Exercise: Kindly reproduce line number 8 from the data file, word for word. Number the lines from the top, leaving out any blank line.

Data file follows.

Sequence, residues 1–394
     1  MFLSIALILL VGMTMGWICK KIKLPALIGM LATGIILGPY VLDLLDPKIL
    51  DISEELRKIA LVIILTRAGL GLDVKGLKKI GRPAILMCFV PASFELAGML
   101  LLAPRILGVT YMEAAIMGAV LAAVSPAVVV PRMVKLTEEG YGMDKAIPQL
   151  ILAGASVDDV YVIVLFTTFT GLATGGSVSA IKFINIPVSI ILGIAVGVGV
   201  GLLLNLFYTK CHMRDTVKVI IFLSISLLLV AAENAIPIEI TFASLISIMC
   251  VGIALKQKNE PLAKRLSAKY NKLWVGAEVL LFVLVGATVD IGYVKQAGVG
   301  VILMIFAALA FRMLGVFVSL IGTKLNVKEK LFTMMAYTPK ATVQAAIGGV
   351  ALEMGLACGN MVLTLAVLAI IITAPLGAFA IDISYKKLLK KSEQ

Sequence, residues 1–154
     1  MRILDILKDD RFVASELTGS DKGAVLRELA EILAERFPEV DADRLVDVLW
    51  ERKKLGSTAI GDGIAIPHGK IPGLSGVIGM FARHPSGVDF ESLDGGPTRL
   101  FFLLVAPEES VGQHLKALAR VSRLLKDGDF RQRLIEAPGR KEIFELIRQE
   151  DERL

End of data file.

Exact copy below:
   301  VILMIFAALA FRMLGVFVSL IGTKLNVKEK LFTMMAYTPK ATVQAAIGGV